Steven Wolfram and team have gathered together a big timeline of key events in the history of systematic data and computable knowledge. The team has created a beautiful infographic and a five foot long poster available for mail order (I just bought one, $15 with shipping) in anticipation of the Wolfram Data Summit in DC early next month. We're really at the dawn of a whole new age of data creation, so this timeline will likely look like pre-history relatively soon, but it's fascinating and important none the less.

"[When] I first looked at the completed timeline," Wolfram writes, "the first thing that struck me was how much two entities stood out in their contributions: ancient Babylon, and the United States government... [It] is sobering to see how long the road to where we are today has been. But it is exciting to see how much further modern technology has already made it possible for us to go."

Above: Click to view full timeline.

Wolfram argues that Artificial Intelligence has languished over the years, but that the body of data that's become available for computation has exploded. "[We] can just start from the whole corpus of systematic knowledge and data - as well as methods and models and algorithms - that our civilization has accumulated, poured wholesale into our computational system... this is what we have done with Wolfram|Alpha: in effect making immediate direct use of the whole rich history portrayed in the timeline."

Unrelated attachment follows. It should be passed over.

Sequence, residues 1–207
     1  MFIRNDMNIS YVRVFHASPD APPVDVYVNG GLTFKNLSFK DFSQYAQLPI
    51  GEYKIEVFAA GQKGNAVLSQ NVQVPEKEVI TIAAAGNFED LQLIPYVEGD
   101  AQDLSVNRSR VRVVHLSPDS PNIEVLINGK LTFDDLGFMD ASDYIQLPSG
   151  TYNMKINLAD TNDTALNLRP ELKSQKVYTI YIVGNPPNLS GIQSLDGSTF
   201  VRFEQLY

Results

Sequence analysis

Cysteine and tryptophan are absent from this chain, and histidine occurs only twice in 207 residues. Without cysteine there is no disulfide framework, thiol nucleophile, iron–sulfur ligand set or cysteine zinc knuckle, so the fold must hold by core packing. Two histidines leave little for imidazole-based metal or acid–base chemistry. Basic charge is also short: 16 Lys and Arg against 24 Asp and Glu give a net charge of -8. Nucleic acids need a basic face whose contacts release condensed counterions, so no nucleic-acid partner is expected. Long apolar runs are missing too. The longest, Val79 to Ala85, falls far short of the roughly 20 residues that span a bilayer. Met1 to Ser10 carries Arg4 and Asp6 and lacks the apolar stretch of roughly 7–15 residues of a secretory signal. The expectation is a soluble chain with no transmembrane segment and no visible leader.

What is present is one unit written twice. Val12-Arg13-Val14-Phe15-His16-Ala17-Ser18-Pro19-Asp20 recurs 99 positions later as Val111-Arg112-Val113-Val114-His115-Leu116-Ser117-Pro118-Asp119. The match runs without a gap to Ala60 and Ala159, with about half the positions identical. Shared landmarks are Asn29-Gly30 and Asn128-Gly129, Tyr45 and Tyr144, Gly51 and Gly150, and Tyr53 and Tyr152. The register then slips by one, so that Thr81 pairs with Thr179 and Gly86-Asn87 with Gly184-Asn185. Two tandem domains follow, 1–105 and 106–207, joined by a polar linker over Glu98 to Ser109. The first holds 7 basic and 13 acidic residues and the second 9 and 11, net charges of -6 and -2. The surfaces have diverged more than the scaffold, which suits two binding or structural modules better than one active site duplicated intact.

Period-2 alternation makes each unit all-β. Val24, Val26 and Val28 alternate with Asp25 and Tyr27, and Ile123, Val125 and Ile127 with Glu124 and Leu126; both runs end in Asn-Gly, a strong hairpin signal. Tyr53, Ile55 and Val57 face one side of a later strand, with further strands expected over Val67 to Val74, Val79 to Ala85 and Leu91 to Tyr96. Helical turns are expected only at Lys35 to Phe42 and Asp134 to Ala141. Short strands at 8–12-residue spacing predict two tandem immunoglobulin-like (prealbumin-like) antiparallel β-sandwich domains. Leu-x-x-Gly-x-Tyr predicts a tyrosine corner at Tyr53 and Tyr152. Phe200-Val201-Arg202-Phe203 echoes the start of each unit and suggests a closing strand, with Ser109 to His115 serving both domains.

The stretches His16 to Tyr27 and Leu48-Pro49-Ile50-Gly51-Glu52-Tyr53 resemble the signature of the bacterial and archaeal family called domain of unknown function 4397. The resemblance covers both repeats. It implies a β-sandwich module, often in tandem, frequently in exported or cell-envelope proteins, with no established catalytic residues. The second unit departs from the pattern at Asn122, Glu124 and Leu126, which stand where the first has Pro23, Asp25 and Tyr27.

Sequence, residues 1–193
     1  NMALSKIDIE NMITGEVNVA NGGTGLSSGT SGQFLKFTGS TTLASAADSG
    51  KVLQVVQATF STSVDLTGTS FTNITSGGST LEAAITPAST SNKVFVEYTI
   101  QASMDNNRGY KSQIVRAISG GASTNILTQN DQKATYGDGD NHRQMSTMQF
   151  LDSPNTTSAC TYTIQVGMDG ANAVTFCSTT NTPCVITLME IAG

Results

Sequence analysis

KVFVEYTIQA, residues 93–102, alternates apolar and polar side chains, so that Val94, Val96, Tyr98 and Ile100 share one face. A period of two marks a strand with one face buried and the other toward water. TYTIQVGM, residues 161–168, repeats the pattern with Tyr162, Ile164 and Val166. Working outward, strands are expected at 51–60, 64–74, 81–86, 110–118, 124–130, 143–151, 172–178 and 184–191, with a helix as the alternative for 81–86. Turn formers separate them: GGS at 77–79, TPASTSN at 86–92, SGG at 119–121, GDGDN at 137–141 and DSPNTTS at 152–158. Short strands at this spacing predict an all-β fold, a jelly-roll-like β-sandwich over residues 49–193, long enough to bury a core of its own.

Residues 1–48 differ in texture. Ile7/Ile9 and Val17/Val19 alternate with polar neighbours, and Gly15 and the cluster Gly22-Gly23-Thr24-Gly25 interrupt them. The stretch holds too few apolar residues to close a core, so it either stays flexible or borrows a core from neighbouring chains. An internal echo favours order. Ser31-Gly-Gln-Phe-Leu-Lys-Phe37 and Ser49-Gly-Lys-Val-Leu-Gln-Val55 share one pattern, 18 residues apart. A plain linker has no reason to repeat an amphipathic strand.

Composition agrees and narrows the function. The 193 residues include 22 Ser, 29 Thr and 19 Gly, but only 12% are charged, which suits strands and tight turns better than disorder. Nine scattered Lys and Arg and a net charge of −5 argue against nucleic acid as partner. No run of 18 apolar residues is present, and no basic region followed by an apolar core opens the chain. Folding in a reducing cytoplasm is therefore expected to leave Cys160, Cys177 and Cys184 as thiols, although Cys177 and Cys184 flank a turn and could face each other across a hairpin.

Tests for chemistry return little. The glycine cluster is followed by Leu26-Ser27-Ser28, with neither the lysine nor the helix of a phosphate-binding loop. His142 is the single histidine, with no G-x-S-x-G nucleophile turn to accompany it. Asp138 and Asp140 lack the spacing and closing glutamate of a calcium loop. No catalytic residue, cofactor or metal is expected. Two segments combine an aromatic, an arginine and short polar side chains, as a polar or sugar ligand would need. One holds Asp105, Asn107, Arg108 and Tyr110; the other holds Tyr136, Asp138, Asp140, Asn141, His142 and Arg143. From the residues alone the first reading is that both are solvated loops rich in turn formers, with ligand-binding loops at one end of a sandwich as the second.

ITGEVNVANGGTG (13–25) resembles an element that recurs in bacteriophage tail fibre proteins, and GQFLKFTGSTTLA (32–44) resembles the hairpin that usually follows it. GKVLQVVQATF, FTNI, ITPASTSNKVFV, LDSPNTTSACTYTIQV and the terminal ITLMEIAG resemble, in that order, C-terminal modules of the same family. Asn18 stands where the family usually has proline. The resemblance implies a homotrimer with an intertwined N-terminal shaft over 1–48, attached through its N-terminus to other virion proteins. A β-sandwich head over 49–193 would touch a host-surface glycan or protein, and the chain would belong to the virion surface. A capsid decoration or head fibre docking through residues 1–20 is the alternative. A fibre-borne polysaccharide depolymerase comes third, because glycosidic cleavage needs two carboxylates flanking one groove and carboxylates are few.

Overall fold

We've written here for several years about the explosion of data production that's beginning and will be a major factor in determining the nature of human civilization in the near-term. In terms of sheer quantity, far more will be made measurable in the next few years than has been instrumented by any of the other developments on Wolfram's timeline. Google's Marissa Mayer calls the coming Internet of Things "bigger than Moore's law." Former HP CEO Mark Hurd said in 2009: "more data will be created in the next four years than in the history of the planet."

What will we do with all that data? That's up to us as a society, but it's a good idea to see it coming and look at it within a historical context.